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Using Text Messaging to Support Breastfeeding in WIC

Written by Maryanne Perrin, MBA, Graduate student in Nutrition Science, and ILCA volunteer

Recently, we talked to a private practice IBCLC and several of her clients about using mobile* phone based text messaging to support breastfeeding.  We’re continuing the exploration of this innovative topic by talking to IBCLCs within the Women, Infants and Children (WIC) program about how they use text messaging to help low-income mothers succeed with breastfeeding. (NOTE: WIC provides nutritional support to over 50% of infants born each year in theUnited   States which means that this federally funded program has a unique opportunity to play a significant role in promoting and supporting breastfeeding.)

The American Red Cross WIC office inSan Diego,California and the Shasta County WIC office in Redding,California both recently began using text messaging within their Breastfeeding Peer Counselor (PC) programs. Jennifer Nolan, Peer Counselor Supervisor and IBCLC (American Red Cross), and Sara Stone, Lead Peer Counselor and IBCLC (ShastaCounty), shared their stories with us…

Getting Started

Shasta County WIC PCs

Both WIC offices received federal grant funding which they used to purchase mobile phones for their Peer counselors (PCs).  American Red Cross has 3 people on the peer counseling team and Shasta County has 8.  When a new mother enrolls in the peer counselor service, each office asks the mother about her communication preferences and no one ever initiates text messaging without first receiving the mother’s approval (depending on an individual’s phone plan, they could potentially incur additional expenses for receiving unwanted text messages).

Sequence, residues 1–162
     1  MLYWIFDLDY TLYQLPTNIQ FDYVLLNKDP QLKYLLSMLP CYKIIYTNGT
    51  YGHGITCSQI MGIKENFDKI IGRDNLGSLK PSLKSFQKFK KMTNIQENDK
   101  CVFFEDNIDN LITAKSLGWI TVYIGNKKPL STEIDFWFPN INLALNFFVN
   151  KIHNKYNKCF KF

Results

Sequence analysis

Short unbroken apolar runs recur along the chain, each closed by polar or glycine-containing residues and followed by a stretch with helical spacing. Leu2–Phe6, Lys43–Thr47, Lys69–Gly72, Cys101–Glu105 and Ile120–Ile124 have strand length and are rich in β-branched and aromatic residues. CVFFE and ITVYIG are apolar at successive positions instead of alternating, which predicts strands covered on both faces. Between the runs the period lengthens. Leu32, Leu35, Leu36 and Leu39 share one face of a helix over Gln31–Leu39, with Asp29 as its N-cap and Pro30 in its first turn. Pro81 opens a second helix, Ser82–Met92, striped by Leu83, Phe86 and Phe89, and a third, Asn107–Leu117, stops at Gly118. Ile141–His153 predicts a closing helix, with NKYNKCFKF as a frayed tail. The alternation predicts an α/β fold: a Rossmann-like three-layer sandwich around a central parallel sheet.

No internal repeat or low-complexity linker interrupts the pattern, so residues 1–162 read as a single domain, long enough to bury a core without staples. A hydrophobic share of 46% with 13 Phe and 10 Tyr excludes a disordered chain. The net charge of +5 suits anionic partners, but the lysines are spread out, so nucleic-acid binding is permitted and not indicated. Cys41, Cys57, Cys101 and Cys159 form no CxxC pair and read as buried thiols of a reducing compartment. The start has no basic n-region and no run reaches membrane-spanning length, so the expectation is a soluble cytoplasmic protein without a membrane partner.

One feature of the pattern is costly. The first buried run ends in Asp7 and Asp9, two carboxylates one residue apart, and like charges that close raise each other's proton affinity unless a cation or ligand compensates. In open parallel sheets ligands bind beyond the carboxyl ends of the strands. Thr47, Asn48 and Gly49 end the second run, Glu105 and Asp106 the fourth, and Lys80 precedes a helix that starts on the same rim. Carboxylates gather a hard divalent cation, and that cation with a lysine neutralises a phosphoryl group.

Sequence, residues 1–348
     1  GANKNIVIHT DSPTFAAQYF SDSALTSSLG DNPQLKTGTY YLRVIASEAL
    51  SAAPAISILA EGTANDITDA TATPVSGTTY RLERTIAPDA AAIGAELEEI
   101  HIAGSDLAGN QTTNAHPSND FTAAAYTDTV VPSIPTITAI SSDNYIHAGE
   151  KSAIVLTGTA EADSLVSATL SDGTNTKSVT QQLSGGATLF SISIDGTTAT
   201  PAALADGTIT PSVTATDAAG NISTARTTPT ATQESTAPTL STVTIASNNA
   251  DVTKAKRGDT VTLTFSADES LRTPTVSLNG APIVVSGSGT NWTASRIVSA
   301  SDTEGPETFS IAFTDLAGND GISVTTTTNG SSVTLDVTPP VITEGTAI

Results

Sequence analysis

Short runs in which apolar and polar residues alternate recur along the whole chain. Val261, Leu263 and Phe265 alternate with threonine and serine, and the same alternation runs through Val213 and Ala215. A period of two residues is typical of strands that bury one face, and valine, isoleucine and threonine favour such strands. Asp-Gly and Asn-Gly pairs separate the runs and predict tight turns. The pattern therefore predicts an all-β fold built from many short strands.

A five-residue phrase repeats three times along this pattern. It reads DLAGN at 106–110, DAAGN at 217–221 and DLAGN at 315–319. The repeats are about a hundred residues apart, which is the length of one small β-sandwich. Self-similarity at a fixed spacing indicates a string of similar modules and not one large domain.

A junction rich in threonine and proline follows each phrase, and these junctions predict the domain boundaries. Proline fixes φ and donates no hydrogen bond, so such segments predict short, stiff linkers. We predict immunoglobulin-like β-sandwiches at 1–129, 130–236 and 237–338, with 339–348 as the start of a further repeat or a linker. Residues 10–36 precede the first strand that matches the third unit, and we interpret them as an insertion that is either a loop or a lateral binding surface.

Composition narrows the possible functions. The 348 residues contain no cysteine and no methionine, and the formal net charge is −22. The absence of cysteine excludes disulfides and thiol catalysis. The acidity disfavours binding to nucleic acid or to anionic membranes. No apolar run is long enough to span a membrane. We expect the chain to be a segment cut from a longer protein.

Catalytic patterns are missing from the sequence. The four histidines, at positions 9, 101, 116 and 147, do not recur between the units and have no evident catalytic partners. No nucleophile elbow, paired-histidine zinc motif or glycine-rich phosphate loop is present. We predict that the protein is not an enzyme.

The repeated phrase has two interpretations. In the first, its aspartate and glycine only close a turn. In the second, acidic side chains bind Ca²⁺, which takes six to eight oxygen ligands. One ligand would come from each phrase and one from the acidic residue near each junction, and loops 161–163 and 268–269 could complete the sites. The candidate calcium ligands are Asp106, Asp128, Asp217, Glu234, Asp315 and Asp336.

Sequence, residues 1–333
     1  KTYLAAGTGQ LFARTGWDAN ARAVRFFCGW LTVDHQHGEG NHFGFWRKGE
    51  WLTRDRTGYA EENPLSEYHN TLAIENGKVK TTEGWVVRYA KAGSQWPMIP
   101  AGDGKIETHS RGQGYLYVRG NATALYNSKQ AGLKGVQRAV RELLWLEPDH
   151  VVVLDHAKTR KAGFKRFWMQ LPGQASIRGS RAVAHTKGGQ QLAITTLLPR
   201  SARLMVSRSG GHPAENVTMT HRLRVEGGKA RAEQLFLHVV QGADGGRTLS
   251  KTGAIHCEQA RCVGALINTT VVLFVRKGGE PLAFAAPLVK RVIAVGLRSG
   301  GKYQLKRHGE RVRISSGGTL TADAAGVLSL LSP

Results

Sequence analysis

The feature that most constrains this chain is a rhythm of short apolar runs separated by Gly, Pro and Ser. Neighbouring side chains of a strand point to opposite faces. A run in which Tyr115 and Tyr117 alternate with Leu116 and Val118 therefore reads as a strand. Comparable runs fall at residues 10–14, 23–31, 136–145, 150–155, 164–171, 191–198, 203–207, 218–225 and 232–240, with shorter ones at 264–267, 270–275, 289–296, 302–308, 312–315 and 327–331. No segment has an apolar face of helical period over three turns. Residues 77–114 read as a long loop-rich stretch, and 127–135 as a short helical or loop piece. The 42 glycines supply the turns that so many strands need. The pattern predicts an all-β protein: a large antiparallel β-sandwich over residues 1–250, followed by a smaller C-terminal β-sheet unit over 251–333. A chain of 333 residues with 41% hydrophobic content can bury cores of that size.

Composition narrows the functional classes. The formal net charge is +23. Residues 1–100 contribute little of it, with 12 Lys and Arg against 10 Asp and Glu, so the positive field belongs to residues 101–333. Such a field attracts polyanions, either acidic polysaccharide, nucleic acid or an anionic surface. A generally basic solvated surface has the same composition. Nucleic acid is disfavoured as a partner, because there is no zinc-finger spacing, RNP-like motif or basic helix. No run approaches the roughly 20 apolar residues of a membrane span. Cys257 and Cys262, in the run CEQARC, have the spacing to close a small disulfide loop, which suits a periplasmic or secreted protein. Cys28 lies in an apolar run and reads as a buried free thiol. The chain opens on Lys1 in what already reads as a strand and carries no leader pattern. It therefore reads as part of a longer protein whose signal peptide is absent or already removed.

ShastaCounty also had to request a modification to the contacts database so that “text messaging” was an option for tracking contacts. (Note: they only count the text message as a contact if they get a reply from the mother; unreturned texts are not counted.)  Once the database modifications were made, they became available to other California WIC agencies as well, allowing them to track text messaging use.

A lesson learned in Shasta County was the importance of having an effective phone for text messaging.  Initially they got very basic phones for their PCs, but soon upgraded to phones with full keyboards so that the PCs could be efficient in sending texts.

How Text Messaging Is Used

Both Jennifer and Sara stressed that text messaging is never a starting point for building a relationship with a client, but instead a complementary communication method they use after first establishing face-to-face or phone contact. “We get better participation in our program by using a communication mode that is most comfortable for mothers,” says Jennifer.  Sara echoed this sentiment, describing text messaging as a cultural shift that allows WIC PCs to stay better connected with their clients.  Examples of the types of messages exchanged between PC and mother include:

  • Prenatal contacts that involve inviting the mother to classes or scheduling/confirming appointments
  • Sharing tips about baby’s development and checking in during pregnancy to help build rapport
  • Receiving texts from mother while she is in the hospital to learn about baby’s arrival
  • Asking and answering simple breastfeeding questions or scheduling calls to follow-up on more complicated breastfeeding issues
  • Checking in on postpartum status and sending encourage messages

Why Use Text Messaging?

San Diego WIC office

Text messaging is portable (mobile phones are typically with mothers at home, at work, and in the hospital) and also non-invasive (won’t wake a sleeping baby or interrupt someone during an important meeting at work).  One WIC mother, upon receiving a call from her PC, whispered into the phone, “I’m at work, can you please text me?”

Jennifer says that the majority of their clients use text messaging, and she thinks it has the potential to prolong breastfeeding because it keeps mothers engaged and gets them the information they need (a critical mass of WIC data should allow future analysis of this).  ForShastaCounty, “It’s taken off like wildfire,” says Sara.  Text messaging has grown from 7% of their non face-to-face contacts (phone, email or text) in July 2011, to almost 25% as of February 2012.  Sara’s words of advice to other WIC agencies – “Just jump in and do it!”

Are you using text messaging or alternative technologies in creative ways to promote and support breastfeeding within WIC or other settings (e.g. third-world countries)?  If so, we’d love to hear your story!